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Sunday, 3 August 2014

Bye, Bye Zambia!

KLM is pulling out of Zambia effective 29 October 2014 in a move described by the Zambia Tourism Board (ZTB) as "devastating and bad for tourism in Zambia". According to a KLM statement :
The recent optimisations in the airline’s network portfolio in East Africa means connections to Europe and the United States [will be] in combination with KLM’s strategic and long-term partner Kenya Airways via Nairobi. From Nairobi, passengers can choose from services to London Heathrow, Amsterdam Schiphol and Paris Charles de Gaulle in Kenya Airways’ newest equipment including the Dreamliner and with KLM’s recently updated World Business Class.
The Ministry of Transport has allegedly summoned KLM to explain its reasons. But surely the reasons are obvious! To put it in plain english. KLM is stopping the direct routes to Lusaka and Harare because Kenya Airways has been losing passengers via the Nairobi route. So the decision has been largely taken to preserve Nairobi as a regional airport hub. The KLM official position is that flying to Zambia is costly because the passenger mix is not optimal for their fleet (i.e. not enough in first class). But the truth is more likely that "hub" considerations are the main reason. In other words it is partly political.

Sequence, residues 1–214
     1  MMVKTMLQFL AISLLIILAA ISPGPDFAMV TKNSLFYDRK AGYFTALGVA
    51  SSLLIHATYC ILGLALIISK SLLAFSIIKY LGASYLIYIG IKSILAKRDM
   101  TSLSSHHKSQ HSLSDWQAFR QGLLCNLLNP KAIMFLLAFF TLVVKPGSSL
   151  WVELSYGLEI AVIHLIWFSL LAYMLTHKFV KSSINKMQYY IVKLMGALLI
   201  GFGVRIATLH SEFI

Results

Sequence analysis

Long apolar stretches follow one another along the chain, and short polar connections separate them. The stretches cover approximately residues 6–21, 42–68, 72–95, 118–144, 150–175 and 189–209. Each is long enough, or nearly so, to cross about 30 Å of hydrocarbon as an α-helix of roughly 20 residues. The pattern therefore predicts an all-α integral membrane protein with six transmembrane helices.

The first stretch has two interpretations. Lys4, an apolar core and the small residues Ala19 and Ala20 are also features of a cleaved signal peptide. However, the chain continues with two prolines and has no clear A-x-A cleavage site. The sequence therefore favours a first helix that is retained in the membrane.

The bottom line is that Zambia no longer has a direct link to the European Union. People will have to go through South Africa or Nairobi or Addis Ababa. It may be time for Government to approach British Airways and reach a new deal with them that gives BA more preferential access. They could also explore engaging Richard Branson's Virgin Airlines. We also need to look at cost of jet fuel.

A Zambian airline is not the solution to this problem because Zambian carriers are banned from Europe. In any case it will take time to achieve a safe and well run airline. And securing new slots at Heathrow, Gatwick or Schipol will be challenging. But a partnership with Virgin or another foreign airline may do it.

The question is whether this issue is a priority at all. Some may argue we have bigger problems to worry about.

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